emergency medicine

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emergency medicine
2014-02-19 19:25:13

notes on chapter 7
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  1. what are the equipments available for oxygen therapy and mechanical ventilation
    • 50psi regulator with flow gauge
    • pressure compensated flowmeter(hangs on wall)
    • oral suction
    • e-size oxygen cylinder
    • oxygen connecting tubing (1/4 inch)
    • suction catheter
    • nasal catheters (varying size)
    • e-collar
    • endotracheal tube
  2. ways to determining the need for o2
    • observe the respiratory patterns and effort
    • chest wall auscultation
    • chest wall palpation
    • oral exam
  3. "At the _____ sign of _____, administer O2
    • first
    • hypoxia
  4. observation-signs indicating some degree of hypoxia
    • nasal flaring
    • irregular chest wall movement
    • "panting"
    • cyanosis
  5. auscultation- what are you listening for?
    • bubbling
    • gurgling
    • wheezing
    • unusual sounds
    • lack of sound
  6. harsh sounds means
    increased sound on expiration (usually quiet when exhaling)
  7. crackle sounds mean
    fluids in the airways like blood or pus
  8. wheezing sounds mean
    airway obstruction
  9. decrease sounds mean
    fluids or air in the pleural space or air in tissues
  10. chest wall palpation-what are you feeling for?
    • swelling
    • contusions
    • punctures
    • any distortion
  11. monitoring devices-pulse oximetry
    • commonly used
    • will determine how well the hemoglobin is saturated by a precentage
    • does not determine how well the animal is ventilating
  12. monitoring devices-fractional inspired O2 (FiO2)
    • amount of O2 in enviroment/system
    • evalutes whether the animal is able to oxygenate normally
  13. monitoring devices-arterial blood gas
    • PaCO2-indicates ventilation
    • PaO2-indicates ventilation/perfusion
  14. 5x FiO2 Rule
    • estimates where PaO2 should be if heathy
    • room air=100% PaO2
  15. PaO2 : FiO2 ratio (%/% as decimal)
    • mild disease=300-500
    • moderate disease=200-300
    • severe disease= less than 200
  16. oxygen
    • can have a drying effect on MM
    • generally has a calming effect
    • high doses can cause euphoria
  17. sedation
    • used when stressed by O2 supplementation
    • any type can compound resporatory distress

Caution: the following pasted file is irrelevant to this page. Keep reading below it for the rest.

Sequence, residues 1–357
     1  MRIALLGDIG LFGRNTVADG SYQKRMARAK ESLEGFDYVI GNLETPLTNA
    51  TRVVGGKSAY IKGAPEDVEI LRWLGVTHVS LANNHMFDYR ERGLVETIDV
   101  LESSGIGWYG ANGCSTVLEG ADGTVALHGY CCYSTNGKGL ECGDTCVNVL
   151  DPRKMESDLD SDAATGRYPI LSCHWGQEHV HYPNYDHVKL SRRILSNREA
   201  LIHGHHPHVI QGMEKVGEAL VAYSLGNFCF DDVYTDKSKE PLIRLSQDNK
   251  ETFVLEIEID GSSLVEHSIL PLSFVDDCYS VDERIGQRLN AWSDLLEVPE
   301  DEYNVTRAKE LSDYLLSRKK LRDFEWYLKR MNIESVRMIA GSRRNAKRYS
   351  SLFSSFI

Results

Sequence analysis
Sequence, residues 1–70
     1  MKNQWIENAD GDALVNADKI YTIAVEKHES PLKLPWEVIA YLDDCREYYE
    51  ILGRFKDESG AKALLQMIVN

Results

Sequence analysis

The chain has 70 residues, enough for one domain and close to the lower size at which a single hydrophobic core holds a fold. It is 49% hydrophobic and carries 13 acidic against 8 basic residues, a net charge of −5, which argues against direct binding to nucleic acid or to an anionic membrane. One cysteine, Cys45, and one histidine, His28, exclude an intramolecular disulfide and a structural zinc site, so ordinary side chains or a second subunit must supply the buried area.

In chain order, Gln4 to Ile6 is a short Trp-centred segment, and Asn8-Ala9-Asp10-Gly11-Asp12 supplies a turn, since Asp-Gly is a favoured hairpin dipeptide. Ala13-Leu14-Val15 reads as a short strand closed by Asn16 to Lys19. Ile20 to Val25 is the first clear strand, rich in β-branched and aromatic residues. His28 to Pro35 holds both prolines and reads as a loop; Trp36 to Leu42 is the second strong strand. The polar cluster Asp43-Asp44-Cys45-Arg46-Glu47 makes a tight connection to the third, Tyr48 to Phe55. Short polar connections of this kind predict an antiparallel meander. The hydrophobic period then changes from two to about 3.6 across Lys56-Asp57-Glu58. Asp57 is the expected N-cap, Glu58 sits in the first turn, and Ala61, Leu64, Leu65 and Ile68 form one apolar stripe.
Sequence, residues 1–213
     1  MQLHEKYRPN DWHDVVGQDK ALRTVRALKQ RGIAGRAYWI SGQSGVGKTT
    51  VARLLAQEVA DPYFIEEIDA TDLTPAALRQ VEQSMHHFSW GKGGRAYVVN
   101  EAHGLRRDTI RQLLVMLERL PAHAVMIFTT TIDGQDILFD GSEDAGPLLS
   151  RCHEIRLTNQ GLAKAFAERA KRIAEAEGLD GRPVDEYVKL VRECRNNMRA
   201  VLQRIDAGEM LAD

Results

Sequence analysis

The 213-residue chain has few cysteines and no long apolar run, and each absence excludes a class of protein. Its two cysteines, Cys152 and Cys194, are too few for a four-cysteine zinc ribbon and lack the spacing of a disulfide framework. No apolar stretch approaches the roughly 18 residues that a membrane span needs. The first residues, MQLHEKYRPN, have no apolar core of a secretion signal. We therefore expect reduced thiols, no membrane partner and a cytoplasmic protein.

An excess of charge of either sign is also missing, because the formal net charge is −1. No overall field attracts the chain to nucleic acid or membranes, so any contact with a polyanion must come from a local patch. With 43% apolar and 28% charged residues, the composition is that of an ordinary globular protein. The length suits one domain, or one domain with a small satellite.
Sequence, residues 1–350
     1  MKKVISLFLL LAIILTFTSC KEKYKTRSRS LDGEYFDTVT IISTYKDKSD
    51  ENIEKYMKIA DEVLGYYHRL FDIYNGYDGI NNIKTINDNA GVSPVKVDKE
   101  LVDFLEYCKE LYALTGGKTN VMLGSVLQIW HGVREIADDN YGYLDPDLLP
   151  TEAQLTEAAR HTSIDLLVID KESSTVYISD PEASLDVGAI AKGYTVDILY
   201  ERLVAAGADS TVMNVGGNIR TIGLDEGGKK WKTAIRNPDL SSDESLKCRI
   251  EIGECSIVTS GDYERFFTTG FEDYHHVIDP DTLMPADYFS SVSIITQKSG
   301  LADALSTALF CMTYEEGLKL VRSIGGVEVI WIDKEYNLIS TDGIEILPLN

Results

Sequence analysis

• monitor closely for apnea (resp drive to stop)
  18. what are some things used to deliver oxygen?
    • blow by/flow by
    • bag
    • nasal catheter
    • nasal prongs
    • nasal tracheal catheters
    • transtracheal oxygen
    • oxygen mask
    • oxygen collar
  19. blow by or flow by
    • hold end of O2 line 6 inches from the nares/mouth- do not aim directly at the nose
    • 6 L/min flow rate- FiO2 less then 35% due to mixing
    • easy first type of support
  20. bag method
    • used for small to medium animals in carrier
    •     enclose the carrier in a clear plastic bag and the O2 line administers high flow of O2
    • temporary support until others started
    •     initial stress free suppot, allows setup for other types of support or sedation, use 30 min or less because it lacks ventilation
  21. nasal O2 catheters
    • red rubber feeding tube (RRFT) approriate-silicone best because less irritating to nasal mucosa to which dried mucus does not adhere
    • 3-8 french catheter (fr)
    • topical anesthetic-crunch nose up, ventromedial angle
    • super glue or sutures
    • humidification
    • FiO2 about 40-50%
  22. nasal prongs
    • depends on space between the nostils
    • flow rate of 3-6 L/min- FiO2 40-50%
    • still can cause irritation so best to use topical anesthetic
    • humidification
    • check frequently because slips out easily
    • suture or staple in place
  23. nasal tracheal catheters
    • placed like nasal catheters- extend to epiglottis and into trachea
    • used in larygeal disease or collapse trachea (CT)
    • can supply more then 50% FiO2
    • not tolerated well and higher complications -coughing due to contact with epiglottis, topical anesthesia of area, mild sedation often needed, inceased risk of aspiration
  24. transtracheal oxygen
    • surgically placed catheter- same as nasal or tracheal silicone best
    • prep and local block at 4th-5th ring
    • puncture to facilitate catheter intoduction
    • tip of catheter to the carina
    • approximate flow rate of 3 L/min- based on ventilation, PaO2-deep and rapid +/- increase rate
  25. oxygen collar
    • less restrictive and irritating than others
    • low flow rate?yes
    • homemade with e-collar and saran wrap
    • O2 heavier than air-lower 2/3 O2 rich
    • humidity and heat-keep eyes moist, watch for xs humidity and heat
  26. oxygen cage and incubators
    • not the best for critical control
    • flow rate 15 L/min might give FiO2 40%-leaks significant, dead space
    • open freguently so long "recharge" period
    • bacterial growth in humidifiers-pseudomonus
  27. hyperbaric oxygen
    • 100% oxygen at more than normal pressure
    • O2 in blood and tissue up to 20x normal
    • treatment for- carbon monoxide, nonhealing wounds, bone/joint infections from septicema, crush injury
    • few exist in vet machine